LB Tommaso Messini: This one may be a bit of a stretch, but there aren’t a lot of other options at leftback out there. Messini never popped for the Primavera, so it’s no surprise the brass let him leave for Grosseto, where he failed to make an impression. He’s now at Montevarchi in Serie D and seems to be finding his feet, although he’s playing on the left of a back three rather than as a pure fullback.
LB Federico Simonti: The 23-year-old has firmly established himself in Serie D, which is no surprise considering that he locked down a starting job in Serie C when Fiorentina loaned him to Pistoiese back in 2020. He didn’t show quite enough to earn a senior contract with the Viola but his breakthrough into the Primavera was exactly the profile that deserved a little more time with his parent club.
CM Lorenzo Aprili: After catching the eye with a pair of goals in the Viareggio tournament in 2022, Aprili hasn’t quite kicked on. He was unspectacularly solid for Prato in Serie D last year and is offering more of the same for Grosseto this year. The question is whether he’s ready to step up from the 4th tier.
CM Giovanni Corradini: After a breakout season with the Primavera a couple years ago and a solid showing in Serie C with Pro Vercelli last year, Corradini’s current loan move to Spezia hasn’t gone well at all. He’s yet to make an appearance, indicating that Serie B may have been too much, too soon. He’s still learning the craft of the regista after starting his career as a 10, so an extra year or two in Serie C to learn the ropes is likely what he needs, much like his youth teammate Krastev.
CM Malik Djibril: At just 20, he’s already a Togo U23 international and looks like an interesting prospect. He’s also established himself as a regular for Lucchese, although more as a substitute than a starter. He needs to get stronger, as you’d expect of someone his age, and the state-of-the-art facilities in Florence would probably suit him better than anything in the third tier.
CM Mattia Fiorini: The 22-year-old is on loan at Foggia and, after a slow start, has started 3 of the last 5 for the Satanelli. Equally comfortable in central defense, he spent the past couple years at Fiorenzuola and clearly has what it takes to play at this level. His contract runs out this summer, but it would’ve been nice to watch his growth a little closer to home and see if there’s anything there after a sterling Primavera career.
AM Vittorio Agostinelli: Like Corradini, he tried making the jump to Serie B with Lecco and, after playing just 26 minutes, has since dropped down a level to get some minutes with Virtus Francavilla in Serie C. That’s the exact trajectory a B team is made for: a player who showed promise with the Primavera but isn’t quite ready to strike out on his own.
AM Marco Meli: He was a terror with those marvelous Primavera sides, riding shotgun with guys like Dušan Vlahović, Riccardo Sottil, Gabriele Gori, and Tofòl Montiel. Without those stars to take the attention off him, he’s never hit similar heights but has started taking steps in Serie C, scoring a couple of goals already for Juve Stabia this year. Fiorentina kept him on the books until 2021, but he always had enough talent to keep around another couple of years and see if he made a leap.
RW Yuri Bigozzi: The Florence-born 20-year-old is taking his first steps away from the Primavera at Poggibonsi. He’s starting to settle in, scoring 3 goals in the past couple months and becoming a regular starter. He’s probably not quite at Serie C level, but there weren’t a lot of wingers that met my criteria and his versatility—he’s filled in on both wings, as a 10, in central midfield, and as a rightback—means he might slot in elsewhere, too.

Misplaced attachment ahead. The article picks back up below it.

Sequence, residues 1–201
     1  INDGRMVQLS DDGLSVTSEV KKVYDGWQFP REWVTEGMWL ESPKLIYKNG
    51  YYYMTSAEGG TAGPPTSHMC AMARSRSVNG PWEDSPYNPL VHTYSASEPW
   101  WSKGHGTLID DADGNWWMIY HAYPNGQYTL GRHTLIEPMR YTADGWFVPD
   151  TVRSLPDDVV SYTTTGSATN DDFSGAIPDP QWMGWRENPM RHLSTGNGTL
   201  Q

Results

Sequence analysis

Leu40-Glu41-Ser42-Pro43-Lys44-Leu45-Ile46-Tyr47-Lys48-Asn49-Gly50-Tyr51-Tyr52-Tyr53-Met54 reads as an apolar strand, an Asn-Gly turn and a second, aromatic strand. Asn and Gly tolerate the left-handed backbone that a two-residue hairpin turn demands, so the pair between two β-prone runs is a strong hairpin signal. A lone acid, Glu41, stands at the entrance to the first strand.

RW Ciro Capasso: The 21-year-old hasn’t broken through on loan at Sorrento but had some impressive moments over a 2-year career with the Primavera. A left-footer who can operate through the middle, he’s got good technical qualities and pace but needs to get stronger and learn to pick his spots. He’s every bit the sort of player who piques the interest, but not enough to offer a full senior contract.
RW Destiny Egharevba: The 21-year-old is at Recanatese in Serie C and playing a rotational part. Although he had some eye-catching moments with the Primavera, he relies too much on his athleticism and needs to develop technically and tactically. He spent last year at Vis Pesaro and Fiorenzuola, which probably didn’t help his development. More than a lot of the guys on this list, he needs some stability to let him learn a single system and role and really figure out the game.
RW Giovanni Nannelli: The 23-year-old Tuscan has been hurt all year, making just a single appearance, but the Cavalucci Marini haven’t missed him as they swim to the top of Girone B of Serie C. He played a minor role for Montevarchi last year and is, health permitting, probably ready for a steady role at this level. He was never more than solid with the Primavera but could still kick on.
CF Samuele Spalluto: The former kickboxer looks to be on the Gabriele Gori path, having impressed with the youth but not made the transition to the pros yet, largely because he can’t get away with simply being stronger than everyone else. He wasn’t able to get in the goals despite starting a bunch of games for Monopoli, so they’ve sent him to Trento for the remainder of the year. While it just hasn’t worked for him yet, he’s got an almost frightening determination and work ethic that, if nothing else, would inspire his teammates. It’s not like he’s trash, either; Monopoli paid €250,000 for him last year, and it feels smarter to let him develop in-house and see if he can put it together rather than just cutting bait.
CF Eljon Toci: He’s on the books until 2026, earning a deal with a double-digit goal season at Primavera level a couple years ago. This is his first move away from Florence and it’s gone poorly; he couldn’t make an impact for Sestri Levante and will try his luck at Pro Sesto now. He’s got the physical attributes but needs experience, like many of the other guys on this list. And like them, it makes more sense to let him develop within the Fiorentina system rather than send him all over Italy on loans.